Old England: A Pictorial Museum (page 38/52)

[picture: 1142.---Bed.]


“Of the domestic furniture of the thirteenth and fourteenth centuries the beds of the nobility (Figs. 1141, 1142) were most lavishly adorned. The simple form was that of a railed box, or crib; the “brases,” or rails, of costly material: the draperies at the head magnificent in substance and in armorial blazonry. In the wills of our old nobility, one bed is mentioned “powdered with blue eagles,” one of red velvet, with ostrich feathers of silver, and heads of leopards of gold; ohers of black velvet, black satin, blue, red, and white [...]fur of ermines, are also specified; and sheets of fair white silk, and pillows from the East.” (p. 329) [more...] [$]

[picture: 1143.---Mummers (Bodleian MS.)]

1143.—Mummers (Bodleian MS.)

On the far left a young mang with curly hair wears a plain robe or long tunic; he plays a lute or other stringed instrment. There are then, from left to right, a person wearing the head of a deer, a person dressed in plain mediæval (or “medieval”) clothes, a person dressed as a rabbit, and another perhaps as a bull, and on the right a woman. The [...] [more...] [$]

[picture: 1144.---Quarter-staff (From the Old Ballad of Robin Hood and the Tanner.)]

1144.—Quarter-staff (From the Old Ballad of Robin Hood and the Tanner.)

“Quarter-staff (Fig. 1144) was the glory of the stout old English peasant or yeoman, in which, as far as we can learn, he was without a competitor in any foreign nation.” (p. 334) [more...] [$]

[picture: 1145.---Playing at Draughts (Harleian MS. 4431)]

1145.—Playing at Draughts (Harleian MS. 4431)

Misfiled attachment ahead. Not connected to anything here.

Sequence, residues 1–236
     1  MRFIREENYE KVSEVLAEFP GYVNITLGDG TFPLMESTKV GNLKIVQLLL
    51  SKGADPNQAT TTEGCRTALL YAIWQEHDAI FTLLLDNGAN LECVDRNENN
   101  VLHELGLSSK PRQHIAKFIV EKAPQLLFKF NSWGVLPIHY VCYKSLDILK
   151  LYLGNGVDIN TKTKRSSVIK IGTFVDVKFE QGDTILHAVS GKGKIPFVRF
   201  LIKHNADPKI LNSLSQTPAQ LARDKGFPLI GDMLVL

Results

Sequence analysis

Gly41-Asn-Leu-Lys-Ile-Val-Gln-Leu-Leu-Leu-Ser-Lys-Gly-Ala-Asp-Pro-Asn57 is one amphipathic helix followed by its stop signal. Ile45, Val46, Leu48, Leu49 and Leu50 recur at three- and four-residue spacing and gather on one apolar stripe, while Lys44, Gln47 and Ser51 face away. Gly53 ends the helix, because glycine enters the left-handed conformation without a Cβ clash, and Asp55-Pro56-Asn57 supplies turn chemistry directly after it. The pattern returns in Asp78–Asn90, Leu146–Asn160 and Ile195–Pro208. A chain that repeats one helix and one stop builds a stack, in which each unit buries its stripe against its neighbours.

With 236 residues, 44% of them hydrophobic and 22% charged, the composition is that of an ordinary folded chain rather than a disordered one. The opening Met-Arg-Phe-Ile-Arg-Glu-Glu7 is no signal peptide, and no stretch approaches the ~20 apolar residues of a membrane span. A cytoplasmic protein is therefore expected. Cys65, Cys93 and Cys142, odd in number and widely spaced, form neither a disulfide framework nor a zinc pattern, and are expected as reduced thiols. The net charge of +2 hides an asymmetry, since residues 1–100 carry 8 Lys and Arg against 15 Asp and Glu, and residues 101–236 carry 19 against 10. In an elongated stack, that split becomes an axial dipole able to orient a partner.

Two men in mediæval clothing [US: medieval] sit with a draughts [US: drafts or checkers] board balance between their knees. Two other men, one a knight [...] [more...] [$]

[picture: 1146.---Chair (Royal M.S. 14 E, iii.)]

1146.—Chair (Royal M.S. 14 E, iii.)

“The square-backed chair (Fig. 1146) was frequent in the mansions of the thirteenth century. In the fourteenth, they, and other articles combining household utility and elegance, were modified by the pointed architecture, and partook of the beautiful variety of its forms: this, in the engraving of Library furniture (Fig. 1140) we see in the reading-table [...] [more...] [$]

[picture: 1147.---Hand Organ or Dulcimer, and Violin]

1147.—Hand Organ or Dulcimer, and Violin

Two men are shown with curly hair and mediæval clothing; the violinist wears a hat, a knee-length tunic split to the hip at the side, tight silk stockings and shoes with buckles. The dulcimer player wears a hooded robe, although the hood hangs down from the shoulder. Either his robe has a double sleeve or he has a shirt with a long sleeve buttoned [...] [more...] [$]

[picture: 1148.---Circular Chess Board (Cotton MS. and Strutt.)]

1148.—Circular Chess Board (Cotton MS. and Strutt.)

“Draughts (Fig. 1145) and chess were amusements of the higher ranks. The circular board (Fig. 1148) is peculiar; the chess-men differed somewhat in form and name from the ordinary chess-men.” (p. 334) [more...] [$]

[picture: 1149.---Hand Bells.  (Royal MS. 15 D. iii.)]

1149.—Hand Bells. (Royal MS. 15 D. iii.)

“Dulcimer and violin players (Fig. 1147) were among the regular musical performers mentioned in the roll of Edward III.’s household. Hand bells (Fig. 1149) were also played upon.” (p. 334) [more...] [$]

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